Category Archives: Self-Funded Plans

Health Plans, Network Discounts, & Consumer Choice


I’m excited to report that Employee Benefit News invited me to write a monthly article for their readership. In my first essay, Health plans, network discounts and consumer choice, I pondered how well we are communicating to employees that:

  1. Self-funded health plans don’t use health insurers.
  2. Network discounts increase total employee compensation.
  3. Plan participants may negotiate directly with out of network physicians.

To provide context to these questions, I shared a recent conversation I had with my first cousin. Her favorite physician had dropped out of the network, and she called asking for my advice.

The full essay is available here: Health plans, network discounts and consumer choice. I hope you enjoy it.

What other benefit topics and questions are on your mind? Please let me know, and I’ll write about them in future Employee Benefit News essays. You can reach me on or via Twitter. My collection of LinkedIn essays is located here.

What DC’s Ban on Self-Funded Health Plans Means for DC Employers & Employees

Last month, the Mayor of the District of Columbia signed into law The Federal Health Reform Implementation and Omnibus Amendment Act. This law limits certain employers in the District from purchasing stop loss insurance. After studying this law and speaking with representatives from DC Government, our Regulatory Affairs Practice confirmed the impact:

  • Beginning in 2016, the law essentially bans employers with less than 101 employees from self-funding their health plan
  • Beginning at policy renewal in 2015, the ban impacts employers with less than 51 employees

While few employers with less than 51 employees currently self-fund their health plan, many employers with 51 – 100 employees currently self-fund to enjoy these benefits:

  • Reduced employer costs and increased employee compensation through good stewardship of the plan
  • Reduced state and federal premium taxation
  • Plan design flexibility
  • Cash flow advantages
  • Exemption from the Affordable Care Act (ACA) Fair Health Insurance Premium Rules
  • Ability to offer coverage outside of the DC ACA Exchange (DC Health Link)

Through proper plan management, engaging wellness initiatives, reduced taxation, & plan design flexibility, it was not uncommon, even prior to the ACA, for an employer with, for example, 75 enrolled employees, to achieve 20% year over year average savings via self-funding (as compared to purchasing a fully insured policy). Under this law, these employers and their employees are now facing a perfect storm come 2016:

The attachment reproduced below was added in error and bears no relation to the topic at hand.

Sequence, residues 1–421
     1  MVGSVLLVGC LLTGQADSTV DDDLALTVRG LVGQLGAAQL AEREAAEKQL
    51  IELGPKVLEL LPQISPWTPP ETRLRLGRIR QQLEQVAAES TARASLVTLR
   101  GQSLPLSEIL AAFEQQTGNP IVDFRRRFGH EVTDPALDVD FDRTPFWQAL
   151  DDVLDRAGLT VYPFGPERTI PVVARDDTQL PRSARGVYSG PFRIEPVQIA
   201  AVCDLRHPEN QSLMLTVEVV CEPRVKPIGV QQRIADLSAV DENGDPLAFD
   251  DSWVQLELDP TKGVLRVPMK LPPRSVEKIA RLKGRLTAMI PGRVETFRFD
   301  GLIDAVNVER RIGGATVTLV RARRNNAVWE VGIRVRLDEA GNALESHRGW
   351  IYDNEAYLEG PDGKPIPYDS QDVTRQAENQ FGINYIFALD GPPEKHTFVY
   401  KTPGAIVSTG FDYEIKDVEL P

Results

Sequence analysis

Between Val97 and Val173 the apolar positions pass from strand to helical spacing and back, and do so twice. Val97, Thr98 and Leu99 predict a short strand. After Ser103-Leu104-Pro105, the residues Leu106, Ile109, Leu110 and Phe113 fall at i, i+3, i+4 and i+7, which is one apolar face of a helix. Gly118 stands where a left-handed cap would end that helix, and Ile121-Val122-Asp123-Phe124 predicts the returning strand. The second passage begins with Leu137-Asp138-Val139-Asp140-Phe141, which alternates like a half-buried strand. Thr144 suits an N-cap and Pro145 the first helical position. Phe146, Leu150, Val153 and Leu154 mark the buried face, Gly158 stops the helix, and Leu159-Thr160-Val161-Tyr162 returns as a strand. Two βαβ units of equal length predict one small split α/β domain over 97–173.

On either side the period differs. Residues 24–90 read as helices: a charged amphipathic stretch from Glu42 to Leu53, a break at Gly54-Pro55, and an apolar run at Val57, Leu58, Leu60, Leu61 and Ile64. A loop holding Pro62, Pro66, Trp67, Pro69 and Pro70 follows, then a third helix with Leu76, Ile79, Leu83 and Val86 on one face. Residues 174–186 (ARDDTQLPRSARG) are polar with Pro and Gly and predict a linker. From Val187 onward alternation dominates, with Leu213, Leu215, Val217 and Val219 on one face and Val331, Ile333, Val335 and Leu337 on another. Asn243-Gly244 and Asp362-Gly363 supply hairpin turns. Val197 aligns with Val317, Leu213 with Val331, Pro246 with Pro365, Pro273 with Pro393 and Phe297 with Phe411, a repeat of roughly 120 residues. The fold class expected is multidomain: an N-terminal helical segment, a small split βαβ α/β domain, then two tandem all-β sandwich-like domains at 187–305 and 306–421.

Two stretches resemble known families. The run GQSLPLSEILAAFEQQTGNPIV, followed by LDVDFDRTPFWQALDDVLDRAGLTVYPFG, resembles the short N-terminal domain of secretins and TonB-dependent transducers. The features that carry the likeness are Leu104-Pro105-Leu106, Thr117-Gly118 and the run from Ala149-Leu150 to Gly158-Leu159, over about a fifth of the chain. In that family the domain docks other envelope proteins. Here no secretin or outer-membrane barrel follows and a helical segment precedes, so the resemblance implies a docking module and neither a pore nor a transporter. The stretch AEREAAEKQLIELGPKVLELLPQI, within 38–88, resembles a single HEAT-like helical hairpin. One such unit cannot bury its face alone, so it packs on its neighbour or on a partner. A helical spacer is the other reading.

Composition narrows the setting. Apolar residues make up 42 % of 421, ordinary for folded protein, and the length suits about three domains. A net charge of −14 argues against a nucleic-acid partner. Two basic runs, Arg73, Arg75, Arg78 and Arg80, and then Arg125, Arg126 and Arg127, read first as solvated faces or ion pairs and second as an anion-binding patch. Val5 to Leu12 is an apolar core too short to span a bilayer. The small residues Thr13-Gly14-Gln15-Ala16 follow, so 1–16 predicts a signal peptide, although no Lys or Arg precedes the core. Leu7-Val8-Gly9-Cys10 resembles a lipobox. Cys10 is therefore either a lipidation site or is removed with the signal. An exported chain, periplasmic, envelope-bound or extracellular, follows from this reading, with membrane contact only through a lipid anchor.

• Loss of their self-funded plan
  • Financial impact of the ACA Fair Health Insurance Premium Rules
  • Loss of access to the open fully insured market – fully insured policies will only be available for purchase via DC Health Link

The financial impact could be staggering for certain employers and their employees. For example, if fully insured premiums rise by 25% to accommodate the ACA Fair Health Insurance Premium Rules and the existing 20% savings from self-funding is lost, a 45% increase in health plan costs could be realized. Much of this increase could be passed along to employees, reducing their Total Compensation via increased payroll withholdings and increased deductibles and copayments.

However, the impact extends beyond employers that currently self-fund their health plans. Because of the financial impact of the ACA Fair Health Insurance Premium Rules, many employers across the country are planning on switching over to self-funding in 2016. For those headquartered in DC, this option has now vaporized.

Importantly, this law impacts not only traditional self-funded products but also certain hybrid products that are built on a self-funded contract. Two examples are:

Further Considerations & Speculations:

  1. In future years, will DC extend this ban to even larger employers?
  2. Will the financial impact of this law cause certain employers to relocate a few miles north or south (i.e. to Maryland or Virginia)?
  3. Will other states in our region implement similar bans?
    The path several other states took many years ago was regulating the minimum individual stop loss level. For example, the minimum amount in Maryland is $10,000 and the minimum amount in New Jersey is $20,000. Speculating, I could envision these amounts increasing in certain states but don’t foresee outright bans.
  4. Would DC have implemented this ban if they had not set-up their own ACA Exchange?
  5. Will Congress evaluate this law?

Thank you for reading this post. We’ll continue to monitor and evaluate the impact of this law in the weeks and months ahead. If you have questions about the impact to your organization and your employees, we’re here to help. Please consider subscribing for updates via the upper right hand section.

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